On 23 March 2015, Singapore fell into a grieving state as Lee Kuan Yew, widely regarded as the country’s founding father, passed away at the age of 91 at the Singapore General Hospital (SGH). The former prime minister had been battling an infection due to severe pneumonia, and was warded in the intensive care unit since early February. He left behind two sons (current Prime Minister of Singapore Lee Hsien Loong and Lee Hsien Yang) and a daughter (Lee Wei Ling).
Lee Kuan Yew was born in 1923 in a Hakka Chinese family living at Kampong Java Road. His great-grandfather had arrived at Singapore in the late 19th century from the Dapu county of Guangdong, China. After completing his primary education, Lee Kuan Yew attended Raffles Institution and Raffles College (present-day National University of Singapore), where he became the top student in Singapore and Malaya.
After the Second World War, Lee Kuan Yew went to study law at England’s prestigious University of Cambridge, graduating with double First Class Honours. It was also at London where he met and married Kwa Geok Choo (1920-2010). In 1949, Lee Kuan Yew returned to Singapore with his wife, working as a lawyer and a legal advisor to trade and students’ unions.
It was in the fifties when Lee Kuan Yew began involved in politics. In 1954, Lee Kuan Yew, together with Toh Chin Chye, Goh Keng Swee, Devan Nair, S. Rajaratnam and Abdul Samad Ismail, founded the People’s Action Party (PAP) with a mission to seek Singapore’s independence from Britain through merger with the Federation of Malaya. Together with his comrades, mostly made up of lawyers, journalists and trade unionists, Lee Kuan Yew aimed to establish a corruption-free and democratic government in-charge of a multi-racial society that would be harmonious and fair.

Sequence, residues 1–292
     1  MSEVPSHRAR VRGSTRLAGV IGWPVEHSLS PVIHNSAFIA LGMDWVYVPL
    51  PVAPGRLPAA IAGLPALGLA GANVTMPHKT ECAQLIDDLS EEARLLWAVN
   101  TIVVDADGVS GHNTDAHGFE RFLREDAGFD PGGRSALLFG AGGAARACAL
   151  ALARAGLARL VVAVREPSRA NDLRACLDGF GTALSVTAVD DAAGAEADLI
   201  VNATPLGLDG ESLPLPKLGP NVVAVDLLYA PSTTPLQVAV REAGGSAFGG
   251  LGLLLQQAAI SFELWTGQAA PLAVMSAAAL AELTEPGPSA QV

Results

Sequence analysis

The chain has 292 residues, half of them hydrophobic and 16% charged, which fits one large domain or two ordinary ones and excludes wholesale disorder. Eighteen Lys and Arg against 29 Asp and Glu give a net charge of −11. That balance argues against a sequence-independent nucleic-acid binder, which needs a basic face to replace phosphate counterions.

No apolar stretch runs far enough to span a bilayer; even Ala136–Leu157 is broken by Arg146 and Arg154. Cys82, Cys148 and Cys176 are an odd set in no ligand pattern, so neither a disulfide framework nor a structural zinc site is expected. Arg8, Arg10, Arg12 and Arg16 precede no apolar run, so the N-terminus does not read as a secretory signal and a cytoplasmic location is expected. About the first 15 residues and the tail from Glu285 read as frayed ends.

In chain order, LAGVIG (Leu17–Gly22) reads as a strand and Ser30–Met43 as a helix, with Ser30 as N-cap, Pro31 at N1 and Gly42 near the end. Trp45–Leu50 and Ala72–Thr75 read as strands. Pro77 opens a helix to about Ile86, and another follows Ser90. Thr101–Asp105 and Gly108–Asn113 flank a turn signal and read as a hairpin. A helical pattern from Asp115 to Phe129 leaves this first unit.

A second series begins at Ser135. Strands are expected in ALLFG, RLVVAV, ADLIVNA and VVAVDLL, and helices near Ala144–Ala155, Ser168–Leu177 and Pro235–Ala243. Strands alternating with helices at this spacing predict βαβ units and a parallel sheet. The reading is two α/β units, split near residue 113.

In its early days of formation, English-speaking Lee Kuan Yew and his PAP had to work closely with the pro-communist members in order to gain support of the local Chinese, most of which could only communicate in Mandarin and dialects. Lim Chin Siong (1933-1996), the leader of the pro-communist faction, was influential in helping PAP to gain mass support. The cooperation, however, ended in 1961 due to different political ideas. Lim Chin Siong would leave PAP to lead the opposition party Barisan Socialis (Socialist Front).
In 1959, after three rounds of Constitutional Talks with London, Singapore was granted internal self-governance. PAP would win most of the seats in the general election held that year to become Singapore’s ruling party, with Lee Kuan Yew becoming the Prime Minister of the self-government. He would become the Prime Minister of the State of Singapore when PAP won another general election after the merger with Malaysia in 1963.
The merger, however, was short-lived. Between PAP and the Malaysian leaders, there was an ideological divide over the nature of the Malaysian society. PAP wanted to build a fair and just multi-racial society – a Malaysian Malaysia, but the Malaysian leaders insisted special privileges be given to the Malay majority.
The uncompromisable differences meant that Singapore had to exit the federation, and on 9 August 1965, Lee Kuan Yew tearfully announced on television Singapore’s separation from Malaysia: “You see, the whole of my adult life, I have believed in merger and the unity of these two territories. You know that we, as a people are connected by geography, economics, by ties of kinship“
Lee Kuan Yew believed Singapore, a nation with limited natural resources, would require strong diplomatic relationship with other countries in order to survive. Shortly after independence, Singapore joined the United Nations (UN) and became a member of the Commonwealth. In August 1967, Singapore, together with Malaysia, Indonesia, Thailand and the Philippines, formed the Association of Southeast Asian Nations (ASEAN) with the objectives to promote economic development, social progress and regional stability against the influx of communism.